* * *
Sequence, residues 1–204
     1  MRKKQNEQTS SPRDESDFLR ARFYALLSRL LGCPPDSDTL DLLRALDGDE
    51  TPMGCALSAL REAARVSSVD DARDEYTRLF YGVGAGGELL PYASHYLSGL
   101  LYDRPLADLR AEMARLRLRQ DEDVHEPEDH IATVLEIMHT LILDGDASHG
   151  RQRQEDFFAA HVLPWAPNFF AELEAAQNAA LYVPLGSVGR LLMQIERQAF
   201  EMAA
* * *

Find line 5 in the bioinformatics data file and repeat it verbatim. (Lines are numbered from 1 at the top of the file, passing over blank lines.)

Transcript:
   151  RQRQEDFFAA HVLPWAPNFF AELEAAQNAA LYVPLGSVGR LLMQIERQAF